Duskers is a defiantly singular game. It’s “indie” in more of a “to hell with it, this one’s for me” kind of way rather than as a way to denote studio size or aesthetic. It’s unforgiving and, at first glance, deliberately obscure. You control drones exploring derelict starships in a galaxy that has gone dead, gathering scraps of supplies and avoiding combat at all costs. You have to meet Duskers on its own terms, because it makes few concessions.
It’s also Misfits Attic’s second game, and a passion project for designer Tim Keenan. It’s the game he started making just as he started to realize his indie dream was about to die. Duskers was how Keenan was choosing to go out, and he suspected he’d never even be able to finish it.
Then the indie community came to the rescue.
"Maybe I'm a brat,” Keenan muses over the phone. It’s the first thing he says when I ask him why he risked so much to start a game studio.
Keenan had a successful career at Dreamworks Animation, working at the intersection of art and technology. That’s the place where he says he’s happiest.
When he tries to explain in layman’s terms what he did there, he points to the details you might notice in a few of their films. The way clothing moves on characters’ bodies in Shrek, the way fire burns in How to Train Your Dragon, or the way the jungle seems alive with gentle breezes and movement in Madagascar. That’s the kind of work Keenan did. The kind of stuff that’s important, but is almost invisible to the audience watching the film.
A lot of independent developers you talk to didn’t really leave all the much behind. Even the ones who seemed to have thriving careers with major studios will usually be the first to tell you about how dysfunctional it all was, and how poorly they were treated. They leave behind job security (whatever that means in the game industry) and are usually only too happy to embrace the lower pay and greater fulfillment of indie development.
Keenan wasn’t in that boat. He had a good job where he was paid and treated well by his employer, which made it 180 degrees apart from his prior job in a mid-tier game studio. He lived in the Bay Area with his wife, had a mortgage and a nice house, and had even managed to build up quite a bit of savings.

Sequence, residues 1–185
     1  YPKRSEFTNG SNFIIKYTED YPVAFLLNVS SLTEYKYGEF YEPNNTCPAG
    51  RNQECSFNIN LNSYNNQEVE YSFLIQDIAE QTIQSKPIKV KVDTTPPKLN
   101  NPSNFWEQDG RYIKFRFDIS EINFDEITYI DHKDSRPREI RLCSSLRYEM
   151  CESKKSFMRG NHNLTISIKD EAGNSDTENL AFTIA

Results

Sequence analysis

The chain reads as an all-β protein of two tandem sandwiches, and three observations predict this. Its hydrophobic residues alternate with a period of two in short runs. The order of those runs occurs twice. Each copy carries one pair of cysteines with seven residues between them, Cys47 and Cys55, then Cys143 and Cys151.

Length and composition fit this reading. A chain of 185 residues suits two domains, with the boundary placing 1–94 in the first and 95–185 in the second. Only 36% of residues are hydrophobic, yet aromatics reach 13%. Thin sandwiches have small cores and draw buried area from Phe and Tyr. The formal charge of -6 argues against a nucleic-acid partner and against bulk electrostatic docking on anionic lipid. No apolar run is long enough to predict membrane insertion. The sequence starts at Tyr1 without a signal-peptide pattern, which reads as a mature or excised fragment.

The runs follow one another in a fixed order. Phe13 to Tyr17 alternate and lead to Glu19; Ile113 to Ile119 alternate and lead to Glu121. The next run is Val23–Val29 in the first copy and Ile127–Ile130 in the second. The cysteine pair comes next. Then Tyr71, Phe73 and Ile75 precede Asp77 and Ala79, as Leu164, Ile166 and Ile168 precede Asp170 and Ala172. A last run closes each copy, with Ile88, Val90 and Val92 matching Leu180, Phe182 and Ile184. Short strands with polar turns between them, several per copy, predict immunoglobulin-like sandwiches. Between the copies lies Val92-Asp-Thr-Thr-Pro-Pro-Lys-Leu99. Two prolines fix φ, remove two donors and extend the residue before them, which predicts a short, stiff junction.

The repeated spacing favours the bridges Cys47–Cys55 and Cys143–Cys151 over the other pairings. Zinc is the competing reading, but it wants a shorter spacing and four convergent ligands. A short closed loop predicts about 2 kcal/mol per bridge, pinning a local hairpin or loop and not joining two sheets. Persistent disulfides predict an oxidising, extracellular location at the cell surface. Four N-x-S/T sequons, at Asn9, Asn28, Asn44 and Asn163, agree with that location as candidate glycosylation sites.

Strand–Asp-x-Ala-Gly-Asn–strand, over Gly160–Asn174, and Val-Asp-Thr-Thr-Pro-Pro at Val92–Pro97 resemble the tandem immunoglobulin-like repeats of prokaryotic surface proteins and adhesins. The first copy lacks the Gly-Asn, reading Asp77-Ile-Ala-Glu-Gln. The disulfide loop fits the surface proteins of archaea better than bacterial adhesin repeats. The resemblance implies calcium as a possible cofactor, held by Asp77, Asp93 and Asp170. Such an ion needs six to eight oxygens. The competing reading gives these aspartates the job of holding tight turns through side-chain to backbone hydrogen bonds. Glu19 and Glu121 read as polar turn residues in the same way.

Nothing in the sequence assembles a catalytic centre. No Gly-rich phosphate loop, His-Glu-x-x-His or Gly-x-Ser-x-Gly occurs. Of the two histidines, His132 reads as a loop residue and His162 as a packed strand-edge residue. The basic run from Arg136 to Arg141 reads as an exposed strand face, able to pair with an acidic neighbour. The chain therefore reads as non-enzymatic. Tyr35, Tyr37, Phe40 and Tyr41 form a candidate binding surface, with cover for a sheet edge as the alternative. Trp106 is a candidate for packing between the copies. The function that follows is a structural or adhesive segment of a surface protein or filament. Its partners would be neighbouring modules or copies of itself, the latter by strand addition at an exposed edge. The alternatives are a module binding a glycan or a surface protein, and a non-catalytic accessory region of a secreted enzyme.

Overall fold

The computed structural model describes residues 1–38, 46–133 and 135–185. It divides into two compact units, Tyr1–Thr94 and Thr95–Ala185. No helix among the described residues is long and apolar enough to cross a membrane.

So why put it all at risk?
“To me it's kind of like a movie, where — this is a weird analogy — but if the protagonist doesn't have a difficult decision, then that decision is sort of meaningless,” he explains. “If I were bagging groceries or something like that, and I hated my job, then becoming indie would have been [easy]. But I actually really liked my job.”
He adds, “I think what it was that I was one of 400 people making a film. And I didn't [just] want to be working on how the fire looked.”
Keenan’s desire for creative expression led him to games. Not only had he worked in development before, but it was a place where all his interests and skills aligned.
“I've always loved games, and I felt like games were this culmination of all these interesting problems,” he said. “Telling a story, making an interface that's intuitive, designing out systems that have to work together, and audio… all of these art forms layered on top of one another in this beautiful complicated thing.
Taking the leap
Keenan’s partner in Misfits Attic is his wife, Holly. They met when he was a first-year in college, though they would not become a couple until eight years later. She has her own career in the Bay Area tech community as a contractor.
Despite her role as a part of Misfits Attic, she was not enthused about his career change. A freelancer contractor in the US can have an amazing career, but the job doesn’t come with benefits like health, dental coverage, etc. For a lot of people in the United States, most complete health coverage for a family still comes as part of an employment benefit package with a big company.
Holly knew that Tim’s decision to go indie would have huge ramifications for their financial security, and could wipe out years’ worth of gains they’d made. Then, to top it off, she found out she was pregnant shortly after he’d given his notice at Dreamworks.
“We knew we were in for it. We could have backed out,” Keenan says.
He almost did. Discovering they had a child on the way made him look at the risks an entirely more sober light. After giving notice at Dreamworks, he’d been convinced to stick around long enough to collect his bonus (an unbelievably stark contrast to how Keenan had been treated when he worked at a games studio, where they liked to fire people just in time to deny them their bonus).
Now, he was wondering whether he shouldn’t rescind his notice and stay on at his job.